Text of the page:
Fig. 4
Fig. 4
Fab and Fc co-determine liver toxicity by anti-4-1BB Abs. a After anti-4-1BB Ab treatment, liver leukocytes (n = 3–4/group) were analyzed by flow cytometry directly or stimulated with PMA/Ionomycin/BFA for 1 h, followed by intracellular staining for IFN-γ. b WT B6 mice (n = 4–5/group) were treated with 200 μg of anti-4-1BB Abs on days 0, 7, and 14, with 200 μg of anti-CD8 administered on days 0 and 7. c, d Fcgr2b−/− (n = 4/group) and Fcgr3−/− mice (n = 4/group) were treated with 200 μg of anti-4-1BB rat Abs on days 0, 7, and 14. eg Fcgr3−/− (n = 3–6/group), Fcer1g−/− (n = 4–7/group), and Fcgr2b−/− mice (n = 4–7/group) were treated with 200 μg of anti-4-1BB chimeric Abs on days 0, 7, and 14. hi WT Balb/c mice (n = 6/group) were treated with indicated anti-4-1BB chimeric Abs on days 0, 7, and 14. bi All serum ALT levels were analyzed on day 21 after first antibody treatment. Mean ± SEM are shown. *p < 0.05, **p < 0.01 compared with control group or as indicated
Fig. 5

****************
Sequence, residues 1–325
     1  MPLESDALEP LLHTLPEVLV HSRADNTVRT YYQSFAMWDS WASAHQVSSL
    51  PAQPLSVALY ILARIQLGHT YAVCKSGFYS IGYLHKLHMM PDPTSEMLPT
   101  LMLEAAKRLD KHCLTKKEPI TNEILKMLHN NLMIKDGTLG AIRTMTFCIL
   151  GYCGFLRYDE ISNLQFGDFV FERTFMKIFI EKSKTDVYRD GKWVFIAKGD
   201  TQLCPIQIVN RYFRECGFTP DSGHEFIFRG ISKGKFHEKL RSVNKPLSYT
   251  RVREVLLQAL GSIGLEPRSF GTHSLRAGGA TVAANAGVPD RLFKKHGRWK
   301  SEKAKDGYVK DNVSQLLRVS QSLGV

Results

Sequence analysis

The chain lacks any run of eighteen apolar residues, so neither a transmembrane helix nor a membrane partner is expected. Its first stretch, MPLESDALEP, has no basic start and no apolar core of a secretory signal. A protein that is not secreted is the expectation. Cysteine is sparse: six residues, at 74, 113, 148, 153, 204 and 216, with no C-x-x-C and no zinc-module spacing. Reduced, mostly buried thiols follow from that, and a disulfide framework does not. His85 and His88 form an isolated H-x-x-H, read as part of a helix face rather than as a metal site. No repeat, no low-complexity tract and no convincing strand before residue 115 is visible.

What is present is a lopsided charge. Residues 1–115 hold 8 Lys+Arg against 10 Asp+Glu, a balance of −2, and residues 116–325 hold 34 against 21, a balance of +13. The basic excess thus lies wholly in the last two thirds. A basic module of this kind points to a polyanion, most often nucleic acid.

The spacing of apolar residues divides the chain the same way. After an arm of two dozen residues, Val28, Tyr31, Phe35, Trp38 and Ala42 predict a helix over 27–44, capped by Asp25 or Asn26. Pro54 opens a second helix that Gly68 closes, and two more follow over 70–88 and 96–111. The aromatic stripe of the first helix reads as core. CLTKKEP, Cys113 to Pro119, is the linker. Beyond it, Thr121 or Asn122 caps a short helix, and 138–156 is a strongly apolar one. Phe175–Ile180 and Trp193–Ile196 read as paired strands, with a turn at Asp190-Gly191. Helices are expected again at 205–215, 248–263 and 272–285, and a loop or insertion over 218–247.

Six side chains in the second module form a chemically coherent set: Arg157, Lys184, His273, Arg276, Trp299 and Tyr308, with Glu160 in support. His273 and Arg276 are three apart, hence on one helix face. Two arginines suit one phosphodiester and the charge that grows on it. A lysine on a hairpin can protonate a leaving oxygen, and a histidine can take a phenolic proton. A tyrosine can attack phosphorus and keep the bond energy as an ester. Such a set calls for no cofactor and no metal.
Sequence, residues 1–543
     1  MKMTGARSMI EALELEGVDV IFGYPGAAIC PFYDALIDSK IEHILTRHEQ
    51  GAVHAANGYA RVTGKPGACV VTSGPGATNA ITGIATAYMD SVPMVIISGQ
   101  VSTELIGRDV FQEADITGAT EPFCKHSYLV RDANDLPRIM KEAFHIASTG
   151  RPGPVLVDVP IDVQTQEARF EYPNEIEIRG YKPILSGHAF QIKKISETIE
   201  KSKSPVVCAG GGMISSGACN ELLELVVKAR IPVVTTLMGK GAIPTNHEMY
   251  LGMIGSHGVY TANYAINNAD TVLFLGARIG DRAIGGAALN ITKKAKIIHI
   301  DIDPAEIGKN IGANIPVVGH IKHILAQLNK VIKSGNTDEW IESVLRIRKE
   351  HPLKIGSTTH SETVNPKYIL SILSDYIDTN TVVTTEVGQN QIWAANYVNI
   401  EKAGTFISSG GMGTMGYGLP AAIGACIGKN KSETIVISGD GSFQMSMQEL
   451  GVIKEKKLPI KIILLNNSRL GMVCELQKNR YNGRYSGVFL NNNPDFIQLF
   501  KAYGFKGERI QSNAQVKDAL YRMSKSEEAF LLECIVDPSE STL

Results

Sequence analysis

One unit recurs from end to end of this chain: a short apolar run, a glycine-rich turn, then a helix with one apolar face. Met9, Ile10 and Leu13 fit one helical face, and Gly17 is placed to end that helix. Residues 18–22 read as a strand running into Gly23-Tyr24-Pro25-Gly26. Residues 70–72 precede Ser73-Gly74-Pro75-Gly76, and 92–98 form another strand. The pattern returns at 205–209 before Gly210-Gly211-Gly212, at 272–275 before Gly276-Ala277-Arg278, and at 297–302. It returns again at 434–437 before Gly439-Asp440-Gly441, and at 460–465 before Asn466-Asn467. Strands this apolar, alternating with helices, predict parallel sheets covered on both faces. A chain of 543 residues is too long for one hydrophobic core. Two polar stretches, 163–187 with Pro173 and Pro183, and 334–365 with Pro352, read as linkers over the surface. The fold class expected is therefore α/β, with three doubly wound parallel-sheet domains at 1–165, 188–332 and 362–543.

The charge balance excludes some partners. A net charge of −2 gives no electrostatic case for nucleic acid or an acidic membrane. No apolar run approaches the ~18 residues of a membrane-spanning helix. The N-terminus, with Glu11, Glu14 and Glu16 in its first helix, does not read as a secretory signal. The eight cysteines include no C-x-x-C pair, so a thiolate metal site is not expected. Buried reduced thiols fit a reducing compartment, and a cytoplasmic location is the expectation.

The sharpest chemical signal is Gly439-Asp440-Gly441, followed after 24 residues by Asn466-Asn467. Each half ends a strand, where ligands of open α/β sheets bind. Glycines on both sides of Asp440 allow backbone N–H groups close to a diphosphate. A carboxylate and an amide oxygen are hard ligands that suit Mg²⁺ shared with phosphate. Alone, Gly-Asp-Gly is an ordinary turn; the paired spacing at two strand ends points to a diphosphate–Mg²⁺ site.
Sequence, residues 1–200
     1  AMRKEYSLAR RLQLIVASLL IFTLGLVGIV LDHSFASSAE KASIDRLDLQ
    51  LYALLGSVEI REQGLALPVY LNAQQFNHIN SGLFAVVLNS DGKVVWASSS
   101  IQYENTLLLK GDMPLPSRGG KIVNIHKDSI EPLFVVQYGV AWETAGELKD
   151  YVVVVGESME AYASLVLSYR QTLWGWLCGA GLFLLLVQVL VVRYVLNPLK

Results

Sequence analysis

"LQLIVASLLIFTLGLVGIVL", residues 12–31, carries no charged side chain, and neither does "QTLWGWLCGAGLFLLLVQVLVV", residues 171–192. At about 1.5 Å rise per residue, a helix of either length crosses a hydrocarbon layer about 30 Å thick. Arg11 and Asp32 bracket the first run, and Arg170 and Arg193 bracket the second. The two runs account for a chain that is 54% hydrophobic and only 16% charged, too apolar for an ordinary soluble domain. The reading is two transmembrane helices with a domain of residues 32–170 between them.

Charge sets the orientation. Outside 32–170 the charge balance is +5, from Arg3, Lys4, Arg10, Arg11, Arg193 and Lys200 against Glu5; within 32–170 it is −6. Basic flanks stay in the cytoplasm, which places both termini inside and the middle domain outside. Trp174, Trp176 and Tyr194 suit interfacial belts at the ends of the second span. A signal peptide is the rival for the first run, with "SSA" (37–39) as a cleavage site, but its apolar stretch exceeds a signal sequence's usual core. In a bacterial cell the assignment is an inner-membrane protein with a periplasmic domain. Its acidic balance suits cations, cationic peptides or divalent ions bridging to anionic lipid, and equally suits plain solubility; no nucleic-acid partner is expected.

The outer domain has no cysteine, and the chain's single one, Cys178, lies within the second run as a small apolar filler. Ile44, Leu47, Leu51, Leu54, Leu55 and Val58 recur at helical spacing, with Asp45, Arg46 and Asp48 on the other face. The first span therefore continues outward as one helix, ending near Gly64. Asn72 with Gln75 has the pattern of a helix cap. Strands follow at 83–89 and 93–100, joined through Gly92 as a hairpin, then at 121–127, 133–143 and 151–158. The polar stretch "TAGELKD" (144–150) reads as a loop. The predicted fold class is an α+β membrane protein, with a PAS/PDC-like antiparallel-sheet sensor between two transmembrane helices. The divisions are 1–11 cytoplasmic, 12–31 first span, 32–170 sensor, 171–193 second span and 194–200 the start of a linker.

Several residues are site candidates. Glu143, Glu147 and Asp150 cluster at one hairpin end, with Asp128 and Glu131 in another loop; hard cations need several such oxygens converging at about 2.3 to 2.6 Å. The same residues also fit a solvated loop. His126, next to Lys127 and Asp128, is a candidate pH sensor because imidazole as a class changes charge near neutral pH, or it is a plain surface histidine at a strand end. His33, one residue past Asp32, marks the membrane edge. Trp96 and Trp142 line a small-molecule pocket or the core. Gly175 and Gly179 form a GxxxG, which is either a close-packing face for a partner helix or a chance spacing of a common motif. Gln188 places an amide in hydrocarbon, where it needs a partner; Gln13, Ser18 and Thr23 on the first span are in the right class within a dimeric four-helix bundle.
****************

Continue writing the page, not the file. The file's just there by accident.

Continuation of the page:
Fig. 5
Activation and toxicity profile of human anti-4-1BB Abs. a Human PBMC or b purified T cells from human PBMC were stimulated with anti-CD3 and indicated anti-4-1BB Abs. Two days later, the IFN-γ in culture medium was analyzed by CBA assay. c Purified T cells from h-4-1BB KI B6 mice were stimulated with anti-CD3 and indicated anti-human 4-1BB Abs in the presence of single human FcγR-expressing 3T3 cells. Two days later, the IFN-γ in culture medium was analyzed by CBA assay. d Human 4-1BB KI BMC mice (n = 5/group) were treated with 200 μg of indicated anti-4-1BB Abs on days 0, 7, and 14. Serum ALT levels were analyzed on day 21. e Same as in d, liver tissue was stained by HE and IHC. Mean ± SEM are shown. *p < 0.05, **p < 0.01 compared with control group or as indicated. Scale bar: 50 µm
Fig. 6
Fig. 6